However, the hoped-for adoption by Shelley did not materialize. The alpha female was so protective of her own baby that, timid though Mateo was, she would not let him come near, nor did she reach out to foster him. Although he was in the midst of a potential new family, Mateo was still an orphan.
Then there was a surprise. Mateo was adopted—not by a female, but by the alpha male. The researchers were amazed. “As far as we know, this is totally unprecedented,” says
Proctor. She has thus far found only two recorded cases of spider monkey adoption, and both were by a female (the same female, actually). Adoption by an alpha male was not only completely unexpected, it was also a bonus for Mateo, since alpha male spider
monkeys are dominant even over
The relationship between Mateo and his foster father, whose name is Shooter, unfolded gently. Shooter patiently overcame the newcomer’s shyness. Talbot says, “I remember Shooter reaching out his hand and waiting for Mateo to come to him. He was very kind to Mateo.”
What could have prompted this kindness? Curious, the researchers looked into Shooter’s background and learned that he, too, had been rescued from wildlife traffickers. Years ago, he had been introduced to the troop at the zoo as a timid newcomer, just like Mateo. This suggests that his adoption of Mateo is an example of animal empathy. As a scientist, Proctor hastens to add, “Of course, we wish we had more evidence of that.”
The relationship is very affectionate and tender. “Shooter will let Mateo climb all over him and cuddle with him in cooler weather,” Talbot says. And if another young monkey is playing too roughly, Mateo does not need to worry—his foster father is there to step in and defend him. In fact, Shooter will intervene against his own biological offspring in favor of Mateo. He is an amazing foster dad.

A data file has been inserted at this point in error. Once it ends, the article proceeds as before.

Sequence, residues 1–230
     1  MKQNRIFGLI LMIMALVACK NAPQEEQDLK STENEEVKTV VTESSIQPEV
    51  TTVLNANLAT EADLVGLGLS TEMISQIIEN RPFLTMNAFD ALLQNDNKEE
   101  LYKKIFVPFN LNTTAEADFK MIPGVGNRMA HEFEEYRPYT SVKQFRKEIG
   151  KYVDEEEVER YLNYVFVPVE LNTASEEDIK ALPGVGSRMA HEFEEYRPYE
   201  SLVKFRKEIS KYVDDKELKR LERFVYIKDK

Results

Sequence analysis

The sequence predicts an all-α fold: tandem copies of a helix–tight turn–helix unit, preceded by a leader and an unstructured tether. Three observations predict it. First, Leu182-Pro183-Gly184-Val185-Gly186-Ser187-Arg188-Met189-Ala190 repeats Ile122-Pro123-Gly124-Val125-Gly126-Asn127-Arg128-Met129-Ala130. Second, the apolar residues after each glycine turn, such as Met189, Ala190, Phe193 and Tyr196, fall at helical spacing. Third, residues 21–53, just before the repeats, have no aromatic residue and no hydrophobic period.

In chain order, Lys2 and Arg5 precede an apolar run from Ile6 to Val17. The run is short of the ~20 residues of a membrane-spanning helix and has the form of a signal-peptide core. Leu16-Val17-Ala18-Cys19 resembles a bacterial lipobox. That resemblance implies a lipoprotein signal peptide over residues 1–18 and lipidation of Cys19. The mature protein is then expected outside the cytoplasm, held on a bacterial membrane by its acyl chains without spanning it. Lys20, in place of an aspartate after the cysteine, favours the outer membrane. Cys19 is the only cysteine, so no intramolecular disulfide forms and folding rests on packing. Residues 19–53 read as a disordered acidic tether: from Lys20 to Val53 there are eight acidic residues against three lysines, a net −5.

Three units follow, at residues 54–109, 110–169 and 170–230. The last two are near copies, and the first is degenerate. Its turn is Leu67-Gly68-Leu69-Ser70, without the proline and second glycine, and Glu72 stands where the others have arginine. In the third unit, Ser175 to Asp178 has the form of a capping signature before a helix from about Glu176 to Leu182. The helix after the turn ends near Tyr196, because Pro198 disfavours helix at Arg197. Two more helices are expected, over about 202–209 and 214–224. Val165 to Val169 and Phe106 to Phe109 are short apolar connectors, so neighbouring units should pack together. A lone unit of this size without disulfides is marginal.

Thanks to this care, Mateo has blossomed. Zookeeper Katie Milbocker observes that Mateo has developed a healthy enjoyment of food. “When he first arrived, he wouldn’t eat anything but grapes. Now he eats a balanced diet.” His menu choices have led to a nickname: “We call him ‘Tater,’ because he loves potatoes.” As for his official name, that was chosen by a generous donor to Brevard Zoo, as donors are sometimes given the opportunity to name an animal.
Now a part of the family, Mateo seems thoroughly comfortable climbing, leaping, jumping, and playing with the others. “When I first saw them playing,” recalls Ferguson, “I thought, ‘This is it.’” Mateo was learning how to be a monkey.
His climbing skills are also impressive, because when he first arrived, Mateo was reluctant to climb; having been taken away from his mother at a time in his life when he was still supposed to be clinging to her, his legs had not developed properly. Yet, along with his emotional comfort with the troop, he progressed physically and now climbs with all the agility to be expected in a species native to the rainforest canopy.
Today, watching the spider monkeys playing amongst the trees, vines, and skybridges of their habitat, it is hard to tell which one is Mateo. No longer is he frightened, confused, or unsure of what it means to be a monkey. Instead, he is leaping about happily with his new family and friends.
However, if you a spot a young monkey with a streak of light brown on his back, who seems to be very close to a large adult male … well, you are probably looking at Mateo and his foster father. The surprise adoption has led to a very special bond. And because of it, Mateo has found a welcoming home.